Jeopardy!, the answer was something like, “He wrote The Ocean at The End of the Lane,” so I yelled, “Neil Gaiman!”
My husband ignored me, waiting for one of the “real” Jeopardy! players to answer. Seconds ticked by.
“I loved that book!” I shouted. “What’re you people, crazy? WHO IS NEIL GAIMAN?”
Time ran out, and Alex said, “That would be Neil Gaiman.”
“Ha!” I said, right in my husband’s face. And then I thought, huh. All three of those players missed Neil Gaiman.
I don’t know about you, but I found that sort of …comforting. I mean, those Jeopardy! people are smart—they know everything! But they didn’t know the multi-with-a-capital-M published author and amazing marketing machine that is Neil Gaiman.
Well, wait, you say. Maybe The Ocean at The End of the Lane was not one of Neil Gaiman’s best efforts. But it was voted Book of the Year in the British National Book Awards.
Oh, so it was just a British sensation, you think. But it got all the way to #1 on the New York Times Best Seller List in hardcover fiction.
Honestly, the man's spoken at packed venues all over the world, still finds time to post on his blog, and he has 2.24 million Twitter followers. And yet, three different people—and not just any people, mind you, these were brilliant Jeopardy! players, for cryin’ out loud—did not know Neil Gaiman, he of the mammoth marketing platform.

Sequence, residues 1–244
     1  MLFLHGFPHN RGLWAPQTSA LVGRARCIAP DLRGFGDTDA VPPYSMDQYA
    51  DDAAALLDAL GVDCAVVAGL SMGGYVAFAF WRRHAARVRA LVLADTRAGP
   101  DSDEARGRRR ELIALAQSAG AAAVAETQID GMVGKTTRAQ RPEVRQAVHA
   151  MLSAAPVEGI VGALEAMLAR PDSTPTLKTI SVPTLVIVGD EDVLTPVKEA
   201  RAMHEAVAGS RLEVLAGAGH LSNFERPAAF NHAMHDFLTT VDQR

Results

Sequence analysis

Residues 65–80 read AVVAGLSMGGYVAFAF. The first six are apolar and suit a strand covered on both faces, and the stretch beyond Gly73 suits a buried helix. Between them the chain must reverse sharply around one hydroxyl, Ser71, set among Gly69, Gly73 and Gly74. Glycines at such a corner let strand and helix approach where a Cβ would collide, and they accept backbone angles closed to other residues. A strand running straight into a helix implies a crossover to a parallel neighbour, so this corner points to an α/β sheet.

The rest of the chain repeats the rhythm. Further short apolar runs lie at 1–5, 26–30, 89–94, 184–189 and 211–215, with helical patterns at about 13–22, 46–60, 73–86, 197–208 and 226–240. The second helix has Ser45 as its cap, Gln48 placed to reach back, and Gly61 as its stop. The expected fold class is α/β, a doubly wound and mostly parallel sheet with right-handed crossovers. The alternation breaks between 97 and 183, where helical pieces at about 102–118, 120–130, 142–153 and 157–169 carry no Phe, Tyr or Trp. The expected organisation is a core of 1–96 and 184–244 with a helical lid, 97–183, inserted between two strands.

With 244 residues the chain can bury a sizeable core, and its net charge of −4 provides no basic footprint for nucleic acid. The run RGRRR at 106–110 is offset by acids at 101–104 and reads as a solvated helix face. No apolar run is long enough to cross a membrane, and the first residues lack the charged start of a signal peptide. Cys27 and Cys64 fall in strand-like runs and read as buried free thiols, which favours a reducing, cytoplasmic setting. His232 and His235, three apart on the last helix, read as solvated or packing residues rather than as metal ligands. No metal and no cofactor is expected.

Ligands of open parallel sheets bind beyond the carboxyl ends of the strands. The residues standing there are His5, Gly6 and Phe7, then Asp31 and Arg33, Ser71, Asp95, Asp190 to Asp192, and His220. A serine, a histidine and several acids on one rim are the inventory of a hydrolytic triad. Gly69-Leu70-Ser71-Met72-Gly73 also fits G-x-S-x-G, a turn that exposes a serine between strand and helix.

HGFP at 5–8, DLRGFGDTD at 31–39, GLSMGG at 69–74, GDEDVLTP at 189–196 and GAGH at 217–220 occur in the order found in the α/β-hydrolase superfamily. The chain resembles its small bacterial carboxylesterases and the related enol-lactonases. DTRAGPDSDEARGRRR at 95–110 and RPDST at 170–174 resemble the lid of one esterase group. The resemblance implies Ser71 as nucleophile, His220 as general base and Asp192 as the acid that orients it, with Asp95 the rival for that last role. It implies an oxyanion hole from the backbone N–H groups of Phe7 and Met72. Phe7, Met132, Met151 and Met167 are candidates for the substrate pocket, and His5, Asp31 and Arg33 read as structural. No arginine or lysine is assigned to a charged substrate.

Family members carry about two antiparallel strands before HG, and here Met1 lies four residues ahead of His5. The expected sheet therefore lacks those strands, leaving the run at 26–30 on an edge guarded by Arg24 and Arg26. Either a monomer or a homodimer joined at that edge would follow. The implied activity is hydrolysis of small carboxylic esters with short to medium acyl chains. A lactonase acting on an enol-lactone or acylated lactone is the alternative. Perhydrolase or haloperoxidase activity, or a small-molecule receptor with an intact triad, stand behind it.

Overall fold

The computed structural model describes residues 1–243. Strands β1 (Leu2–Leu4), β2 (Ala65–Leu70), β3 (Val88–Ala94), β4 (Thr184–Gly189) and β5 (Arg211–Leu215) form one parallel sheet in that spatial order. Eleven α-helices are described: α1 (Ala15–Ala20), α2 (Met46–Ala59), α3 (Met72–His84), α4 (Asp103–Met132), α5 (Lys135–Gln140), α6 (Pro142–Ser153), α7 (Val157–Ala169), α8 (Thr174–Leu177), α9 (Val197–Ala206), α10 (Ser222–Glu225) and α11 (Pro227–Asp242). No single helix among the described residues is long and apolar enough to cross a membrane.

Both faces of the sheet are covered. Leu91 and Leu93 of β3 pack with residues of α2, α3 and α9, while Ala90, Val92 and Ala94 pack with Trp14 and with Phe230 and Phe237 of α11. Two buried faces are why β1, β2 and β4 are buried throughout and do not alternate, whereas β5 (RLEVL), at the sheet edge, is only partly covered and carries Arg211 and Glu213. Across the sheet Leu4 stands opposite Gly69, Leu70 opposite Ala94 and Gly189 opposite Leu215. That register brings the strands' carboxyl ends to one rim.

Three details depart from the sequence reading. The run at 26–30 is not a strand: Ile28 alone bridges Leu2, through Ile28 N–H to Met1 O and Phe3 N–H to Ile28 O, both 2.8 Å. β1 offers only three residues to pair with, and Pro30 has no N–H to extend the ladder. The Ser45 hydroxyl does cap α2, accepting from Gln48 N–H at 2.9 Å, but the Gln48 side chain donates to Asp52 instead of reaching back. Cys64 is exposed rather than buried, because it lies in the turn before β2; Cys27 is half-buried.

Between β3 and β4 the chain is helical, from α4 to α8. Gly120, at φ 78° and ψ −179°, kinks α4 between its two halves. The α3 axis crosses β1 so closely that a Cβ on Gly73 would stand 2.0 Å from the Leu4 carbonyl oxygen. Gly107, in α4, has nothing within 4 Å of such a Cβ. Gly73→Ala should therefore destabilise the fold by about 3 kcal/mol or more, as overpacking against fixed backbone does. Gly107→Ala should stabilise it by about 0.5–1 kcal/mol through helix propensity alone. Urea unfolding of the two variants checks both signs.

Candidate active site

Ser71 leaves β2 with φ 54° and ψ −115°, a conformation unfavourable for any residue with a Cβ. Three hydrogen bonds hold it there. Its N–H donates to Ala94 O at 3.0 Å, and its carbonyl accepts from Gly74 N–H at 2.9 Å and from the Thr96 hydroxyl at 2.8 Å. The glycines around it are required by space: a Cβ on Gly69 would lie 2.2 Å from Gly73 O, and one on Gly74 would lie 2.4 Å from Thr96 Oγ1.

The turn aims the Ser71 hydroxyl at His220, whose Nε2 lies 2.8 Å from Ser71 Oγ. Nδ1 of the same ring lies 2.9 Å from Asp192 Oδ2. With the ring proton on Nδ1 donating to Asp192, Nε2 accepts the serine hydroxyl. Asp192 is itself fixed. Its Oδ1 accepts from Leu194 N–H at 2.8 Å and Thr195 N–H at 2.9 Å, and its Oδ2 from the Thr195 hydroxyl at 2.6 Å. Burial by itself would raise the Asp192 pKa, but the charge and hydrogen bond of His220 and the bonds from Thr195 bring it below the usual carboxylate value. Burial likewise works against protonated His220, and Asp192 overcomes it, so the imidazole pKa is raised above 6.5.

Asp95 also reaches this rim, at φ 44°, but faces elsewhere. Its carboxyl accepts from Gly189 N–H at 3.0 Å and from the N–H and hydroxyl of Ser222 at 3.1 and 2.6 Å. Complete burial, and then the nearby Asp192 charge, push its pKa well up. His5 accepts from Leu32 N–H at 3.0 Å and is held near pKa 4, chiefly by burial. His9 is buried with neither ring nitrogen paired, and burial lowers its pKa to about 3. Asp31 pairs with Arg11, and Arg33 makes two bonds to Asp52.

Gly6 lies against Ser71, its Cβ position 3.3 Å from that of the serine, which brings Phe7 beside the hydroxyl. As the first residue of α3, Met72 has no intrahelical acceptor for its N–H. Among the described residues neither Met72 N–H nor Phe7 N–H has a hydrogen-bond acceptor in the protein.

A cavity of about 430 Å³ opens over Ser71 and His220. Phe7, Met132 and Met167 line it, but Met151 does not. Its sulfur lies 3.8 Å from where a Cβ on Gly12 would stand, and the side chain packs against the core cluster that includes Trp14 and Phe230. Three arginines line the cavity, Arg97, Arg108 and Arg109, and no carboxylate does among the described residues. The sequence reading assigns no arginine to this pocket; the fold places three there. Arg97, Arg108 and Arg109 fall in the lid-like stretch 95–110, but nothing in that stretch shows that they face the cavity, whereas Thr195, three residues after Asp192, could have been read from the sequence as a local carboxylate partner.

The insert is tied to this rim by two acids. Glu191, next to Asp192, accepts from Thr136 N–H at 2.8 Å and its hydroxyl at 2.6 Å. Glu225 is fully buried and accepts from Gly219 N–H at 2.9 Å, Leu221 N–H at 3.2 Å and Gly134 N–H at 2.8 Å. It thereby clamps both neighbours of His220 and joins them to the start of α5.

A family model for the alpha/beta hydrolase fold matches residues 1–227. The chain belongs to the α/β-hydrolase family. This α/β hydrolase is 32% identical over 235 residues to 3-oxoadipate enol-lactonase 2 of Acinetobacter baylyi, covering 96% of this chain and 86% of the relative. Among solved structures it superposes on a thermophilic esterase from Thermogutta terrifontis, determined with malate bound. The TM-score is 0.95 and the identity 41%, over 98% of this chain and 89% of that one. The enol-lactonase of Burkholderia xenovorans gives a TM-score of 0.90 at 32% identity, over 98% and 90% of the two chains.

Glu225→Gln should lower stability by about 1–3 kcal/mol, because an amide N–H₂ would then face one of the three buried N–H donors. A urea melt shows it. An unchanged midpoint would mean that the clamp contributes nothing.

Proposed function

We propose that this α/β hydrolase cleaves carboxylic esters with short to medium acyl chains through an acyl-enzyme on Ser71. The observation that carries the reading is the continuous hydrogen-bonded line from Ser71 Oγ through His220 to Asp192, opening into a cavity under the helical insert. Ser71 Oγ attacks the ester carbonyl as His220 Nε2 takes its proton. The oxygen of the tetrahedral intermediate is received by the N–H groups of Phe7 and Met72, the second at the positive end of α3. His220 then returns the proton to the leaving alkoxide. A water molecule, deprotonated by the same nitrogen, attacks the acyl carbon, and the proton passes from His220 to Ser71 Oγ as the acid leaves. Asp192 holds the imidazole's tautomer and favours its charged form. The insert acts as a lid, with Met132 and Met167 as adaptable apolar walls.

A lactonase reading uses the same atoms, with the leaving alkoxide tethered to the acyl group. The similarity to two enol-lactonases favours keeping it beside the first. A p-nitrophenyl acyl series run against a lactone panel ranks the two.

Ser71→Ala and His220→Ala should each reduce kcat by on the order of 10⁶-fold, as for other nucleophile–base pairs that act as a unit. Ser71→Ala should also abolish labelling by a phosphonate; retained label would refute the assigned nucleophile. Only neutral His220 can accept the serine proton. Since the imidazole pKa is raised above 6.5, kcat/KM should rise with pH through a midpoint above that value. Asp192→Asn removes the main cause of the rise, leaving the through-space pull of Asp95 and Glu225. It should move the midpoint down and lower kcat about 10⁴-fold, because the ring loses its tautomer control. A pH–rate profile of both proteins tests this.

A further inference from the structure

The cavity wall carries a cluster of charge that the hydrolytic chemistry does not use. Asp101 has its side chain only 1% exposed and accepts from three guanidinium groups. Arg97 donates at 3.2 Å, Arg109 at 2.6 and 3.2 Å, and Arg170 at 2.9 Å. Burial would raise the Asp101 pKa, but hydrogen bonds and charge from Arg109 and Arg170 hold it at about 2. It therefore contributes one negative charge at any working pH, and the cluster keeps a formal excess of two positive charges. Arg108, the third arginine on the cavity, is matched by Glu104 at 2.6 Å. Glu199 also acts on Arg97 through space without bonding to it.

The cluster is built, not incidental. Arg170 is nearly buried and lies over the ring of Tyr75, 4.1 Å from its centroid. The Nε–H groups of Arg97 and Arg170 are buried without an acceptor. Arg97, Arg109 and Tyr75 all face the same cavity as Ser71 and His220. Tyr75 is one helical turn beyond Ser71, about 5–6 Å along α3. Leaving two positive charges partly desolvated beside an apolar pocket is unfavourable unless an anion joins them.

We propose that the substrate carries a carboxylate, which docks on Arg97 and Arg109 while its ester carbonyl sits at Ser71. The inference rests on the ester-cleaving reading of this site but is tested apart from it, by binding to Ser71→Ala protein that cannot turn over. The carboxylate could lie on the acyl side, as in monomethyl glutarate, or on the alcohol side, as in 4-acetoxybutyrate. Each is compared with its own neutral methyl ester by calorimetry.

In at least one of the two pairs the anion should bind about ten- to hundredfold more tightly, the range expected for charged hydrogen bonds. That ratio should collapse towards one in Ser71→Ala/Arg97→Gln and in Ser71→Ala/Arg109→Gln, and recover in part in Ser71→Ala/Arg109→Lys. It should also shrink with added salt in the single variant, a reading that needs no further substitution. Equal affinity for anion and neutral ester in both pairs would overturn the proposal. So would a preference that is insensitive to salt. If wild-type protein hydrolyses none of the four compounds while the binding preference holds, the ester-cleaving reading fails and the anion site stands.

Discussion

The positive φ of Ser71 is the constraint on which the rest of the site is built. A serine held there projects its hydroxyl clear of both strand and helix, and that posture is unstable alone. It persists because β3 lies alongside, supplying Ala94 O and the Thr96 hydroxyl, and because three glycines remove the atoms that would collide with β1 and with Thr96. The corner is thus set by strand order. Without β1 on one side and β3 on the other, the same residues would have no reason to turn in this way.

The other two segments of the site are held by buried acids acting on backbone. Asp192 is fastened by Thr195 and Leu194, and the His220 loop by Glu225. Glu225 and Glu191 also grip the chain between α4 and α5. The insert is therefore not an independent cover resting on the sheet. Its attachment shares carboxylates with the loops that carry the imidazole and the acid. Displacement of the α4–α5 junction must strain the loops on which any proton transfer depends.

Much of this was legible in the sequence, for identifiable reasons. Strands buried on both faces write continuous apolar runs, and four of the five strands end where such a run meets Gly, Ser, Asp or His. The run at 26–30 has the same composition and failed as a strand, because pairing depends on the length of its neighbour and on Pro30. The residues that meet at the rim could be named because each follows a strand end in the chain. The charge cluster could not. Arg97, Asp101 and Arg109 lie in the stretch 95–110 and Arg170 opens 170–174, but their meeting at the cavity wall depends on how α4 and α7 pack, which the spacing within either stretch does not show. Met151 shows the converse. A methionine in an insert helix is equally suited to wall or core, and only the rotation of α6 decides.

So, yeah, I don't feel so bad about my minuscule marketing platform. It's a work in progress, and I'll keep at it, as should you.
Maybe you’re no good at blogging or speaking in public, and maybe you really don’t like social media, and maybe you really don’t think you have time for any or all of what marketing entails.
Do it anyway. Because the sooner you start marketing and building that platform, the more you'll grow, in the business and with your readers. Just don’t make yourself crazy over it.
Don’t obsessively check rankings on Amazon, or engage publicly (or even privately) with someone who’s written a horrible review about your book. Don’t lose sleep because you forgot to send out your daily 20 tweets, and don’t drive your friends and family to distraction with your constant promotion.
Instead, be realistic in what you can achieve. Make meaningful connections with your readers, and take advantage of opportunities that come your way. Grow a thick skin and always be polite. Hold a steady course and keep writing good books, and perhaps, most importantly, maintain a little perspective.
After all, even the amazing Neil Gaiman has his off days.
~Cathy C. Hall